Only two players are working together and running the same play. The rest of the team either don’t care or don’t understand their positions on the team. How can a team move the ball down the field if only two of them are working together? What might be worse is that the other members of the teams are running different plays when the ball is snapped. 84% of people working in business say that their teams are not working together to achieve their goals. In the movie, “Cool Hand Luke”, the main character, Luke, is anything but a team player. He defies the prison environment he finds himself in because he knows it is broken. At one point, after a confrontation, the head prison guard tells Luke, “What we have here is a failure to communicate”. According to the survey, only 16% of the people surveyed feel they are communicating and working together as a team, the other 84% feel disenfranchised in a broken environment.

Only two players have invested the time to memorize and practice the plays. Everyone else is on the field but they are not prepared and may have even forgotten to bring the ball! They are not engaged or committed. When was the last time you walked into a store or restaurant and waited for a long time before they even noticed that you were there? According to this survey, you have close to an 80% chance of coming into contact with someone you are paying for service who either doesn’t care or isn’t involved in the process.

Only two players on the football team have complete uniforms. The rest of the team is missing helmets, shoulder pads, etc. Can you imagine if you sat down to watch the Super Bowl and the team showed up on the field and they did not have the right equipment?! Yet, only 15% of the people polled felt they had the resources to perform their jobs! Why have the coaches in our businesses allowed this happen!?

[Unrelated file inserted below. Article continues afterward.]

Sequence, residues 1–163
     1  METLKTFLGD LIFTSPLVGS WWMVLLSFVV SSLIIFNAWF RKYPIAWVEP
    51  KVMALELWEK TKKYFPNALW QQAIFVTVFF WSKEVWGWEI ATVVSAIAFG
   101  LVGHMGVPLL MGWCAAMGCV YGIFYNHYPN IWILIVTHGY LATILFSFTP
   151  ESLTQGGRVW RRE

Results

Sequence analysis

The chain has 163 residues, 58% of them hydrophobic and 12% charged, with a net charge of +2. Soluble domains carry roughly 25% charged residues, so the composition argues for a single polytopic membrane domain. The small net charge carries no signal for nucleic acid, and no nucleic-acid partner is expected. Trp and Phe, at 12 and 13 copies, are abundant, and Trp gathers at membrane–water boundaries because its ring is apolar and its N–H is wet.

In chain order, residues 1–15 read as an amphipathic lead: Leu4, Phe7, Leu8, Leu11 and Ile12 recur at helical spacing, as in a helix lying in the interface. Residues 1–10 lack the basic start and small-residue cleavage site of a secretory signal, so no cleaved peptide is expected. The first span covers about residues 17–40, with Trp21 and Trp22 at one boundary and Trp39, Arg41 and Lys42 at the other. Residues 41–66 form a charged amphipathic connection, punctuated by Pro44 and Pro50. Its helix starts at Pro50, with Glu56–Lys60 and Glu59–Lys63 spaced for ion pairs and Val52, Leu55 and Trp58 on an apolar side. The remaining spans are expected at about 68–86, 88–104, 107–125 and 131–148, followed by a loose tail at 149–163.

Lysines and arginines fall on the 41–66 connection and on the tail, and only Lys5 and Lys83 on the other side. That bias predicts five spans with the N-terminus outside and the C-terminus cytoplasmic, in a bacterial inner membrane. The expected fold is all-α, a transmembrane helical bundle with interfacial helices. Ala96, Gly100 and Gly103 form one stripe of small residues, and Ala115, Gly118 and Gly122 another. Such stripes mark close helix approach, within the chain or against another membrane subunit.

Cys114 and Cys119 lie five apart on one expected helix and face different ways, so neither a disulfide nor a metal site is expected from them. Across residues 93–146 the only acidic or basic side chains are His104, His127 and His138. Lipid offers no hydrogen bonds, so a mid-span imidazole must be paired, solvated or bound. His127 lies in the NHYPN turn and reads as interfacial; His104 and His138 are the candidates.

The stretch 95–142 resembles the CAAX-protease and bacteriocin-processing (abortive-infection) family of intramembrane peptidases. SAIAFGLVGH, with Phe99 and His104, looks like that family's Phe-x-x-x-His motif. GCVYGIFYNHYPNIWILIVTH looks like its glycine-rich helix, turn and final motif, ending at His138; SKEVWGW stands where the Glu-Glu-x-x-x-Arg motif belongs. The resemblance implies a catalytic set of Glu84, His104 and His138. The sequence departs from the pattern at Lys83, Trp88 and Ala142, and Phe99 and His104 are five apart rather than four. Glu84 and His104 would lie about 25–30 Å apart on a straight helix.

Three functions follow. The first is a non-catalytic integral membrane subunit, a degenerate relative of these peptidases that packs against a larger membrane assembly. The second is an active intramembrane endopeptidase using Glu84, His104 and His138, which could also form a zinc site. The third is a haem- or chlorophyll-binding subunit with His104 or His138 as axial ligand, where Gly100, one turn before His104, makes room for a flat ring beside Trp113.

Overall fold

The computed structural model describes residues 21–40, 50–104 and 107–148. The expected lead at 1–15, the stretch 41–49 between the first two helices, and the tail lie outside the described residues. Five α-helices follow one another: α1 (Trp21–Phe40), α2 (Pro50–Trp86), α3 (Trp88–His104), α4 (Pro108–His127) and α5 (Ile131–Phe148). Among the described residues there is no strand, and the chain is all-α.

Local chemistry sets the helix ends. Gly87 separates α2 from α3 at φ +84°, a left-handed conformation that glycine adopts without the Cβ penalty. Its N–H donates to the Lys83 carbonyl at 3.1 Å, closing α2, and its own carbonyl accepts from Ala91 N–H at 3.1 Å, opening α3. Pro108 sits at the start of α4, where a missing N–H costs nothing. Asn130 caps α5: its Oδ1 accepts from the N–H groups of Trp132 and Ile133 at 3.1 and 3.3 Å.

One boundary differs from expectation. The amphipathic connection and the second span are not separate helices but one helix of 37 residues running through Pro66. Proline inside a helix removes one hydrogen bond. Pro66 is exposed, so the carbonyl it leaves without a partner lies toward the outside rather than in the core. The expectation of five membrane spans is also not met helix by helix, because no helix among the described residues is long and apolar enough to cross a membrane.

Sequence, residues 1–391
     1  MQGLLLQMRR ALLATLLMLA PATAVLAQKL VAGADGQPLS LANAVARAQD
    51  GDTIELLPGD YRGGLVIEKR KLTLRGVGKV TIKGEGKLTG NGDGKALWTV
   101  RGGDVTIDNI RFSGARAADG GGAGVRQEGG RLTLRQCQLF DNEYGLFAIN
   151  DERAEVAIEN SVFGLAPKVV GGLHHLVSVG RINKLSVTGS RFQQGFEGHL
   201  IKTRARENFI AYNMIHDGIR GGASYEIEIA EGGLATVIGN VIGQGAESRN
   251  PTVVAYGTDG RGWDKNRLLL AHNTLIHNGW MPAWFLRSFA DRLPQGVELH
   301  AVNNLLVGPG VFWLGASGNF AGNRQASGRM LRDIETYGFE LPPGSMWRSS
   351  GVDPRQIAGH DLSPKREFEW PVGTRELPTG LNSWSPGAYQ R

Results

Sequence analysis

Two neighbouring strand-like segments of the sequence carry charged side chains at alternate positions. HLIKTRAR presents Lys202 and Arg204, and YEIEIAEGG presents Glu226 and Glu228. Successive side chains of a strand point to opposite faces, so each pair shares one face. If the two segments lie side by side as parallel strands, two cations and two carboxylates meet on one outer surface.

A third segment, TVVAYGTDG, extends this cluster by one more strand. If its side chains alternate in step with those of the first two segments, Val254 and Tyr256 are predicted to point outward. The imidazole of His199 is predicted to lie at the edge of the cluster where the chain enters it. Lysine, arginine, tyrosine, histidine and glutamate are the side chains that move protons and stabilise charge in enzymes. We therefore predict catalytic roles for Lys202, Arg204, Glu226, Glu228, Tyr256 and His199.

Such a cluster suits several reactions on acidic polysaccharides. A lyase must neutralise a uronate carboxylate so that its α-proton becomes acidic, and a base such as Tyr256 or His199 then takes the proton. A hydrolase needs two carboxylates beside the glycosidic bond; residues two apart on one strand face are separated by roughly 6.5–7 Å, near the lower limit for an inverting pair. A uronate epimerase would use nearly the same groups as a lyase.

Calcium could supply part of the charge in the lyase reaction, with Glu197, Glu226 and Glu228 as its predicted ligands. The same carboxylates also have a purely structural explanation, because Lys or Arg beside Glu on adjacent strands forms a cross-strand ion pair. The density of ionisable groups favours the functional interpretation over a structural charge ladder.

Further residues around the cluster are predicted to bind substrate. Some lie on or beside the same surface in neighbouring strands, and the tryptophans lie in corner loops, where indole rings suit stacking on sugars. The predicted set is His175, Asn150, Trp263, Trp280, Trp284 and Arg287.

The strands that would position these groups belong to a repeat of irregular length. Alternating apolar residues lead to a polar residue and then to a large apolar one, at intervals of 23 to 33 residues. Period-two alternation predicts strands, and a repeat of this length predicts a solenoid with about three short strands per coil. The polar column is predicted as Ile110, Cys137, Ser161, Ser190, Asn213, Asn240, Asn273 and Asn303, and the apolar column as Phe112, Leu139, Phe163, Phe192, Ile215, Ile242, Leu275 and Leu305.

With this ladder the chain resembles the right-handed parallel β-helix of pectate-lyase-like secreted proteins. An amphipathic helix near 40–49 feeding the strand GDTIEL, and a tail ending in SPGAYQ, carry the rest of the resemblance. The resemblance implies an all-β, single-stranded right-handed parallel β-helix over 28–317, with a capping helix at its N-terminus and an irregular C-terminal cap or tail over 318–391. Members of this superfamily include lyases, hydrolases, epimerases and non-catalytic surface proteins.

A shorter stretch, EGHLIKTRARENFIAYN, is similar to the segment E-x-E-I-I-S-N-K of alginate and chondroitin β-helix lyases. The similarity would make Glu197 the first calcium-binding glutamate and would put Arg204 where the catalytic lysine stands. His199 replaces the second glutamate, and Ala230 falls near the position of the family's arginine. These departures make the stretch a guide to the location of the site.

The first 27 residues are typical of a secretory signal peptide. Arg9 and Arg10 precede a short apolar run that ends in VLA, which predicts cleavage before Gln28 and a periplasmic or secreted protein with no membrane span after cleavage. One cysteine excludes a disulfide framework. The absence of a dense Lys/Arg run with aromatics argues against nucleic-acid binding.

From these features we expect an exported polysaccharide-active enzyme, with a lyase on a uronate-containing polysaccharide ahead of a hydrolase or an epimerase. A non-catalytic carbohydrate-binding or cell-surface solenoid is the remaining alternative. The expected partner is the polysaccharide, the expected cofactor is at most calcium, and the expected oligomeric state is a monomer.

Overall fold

Perhaps the saddest statistic of all is that only one player on the field, out of the entire team, is motivated to win and holds other team members accountable. Can you imagine how frustrating it would be if you were the only one on the football field who cared about scoring a touchdown?

What To Do

What does one do if they are a member of a dysfunctional and broken team like Cool Hand Luke?

Go to your boss and tell him/her that you want them to be successful and your team to be more effective. Then ask him/her two questions:

1. What do I or my team do that helps you do your job?
2. What do I or my team do that hampers your ability to do your job?

Put the focus on how you can make your boss more successful, because if you help them succeed, you’ll likely succeed. People are looking for people they can trust, people who have their back – these folks are rare and usually cherished.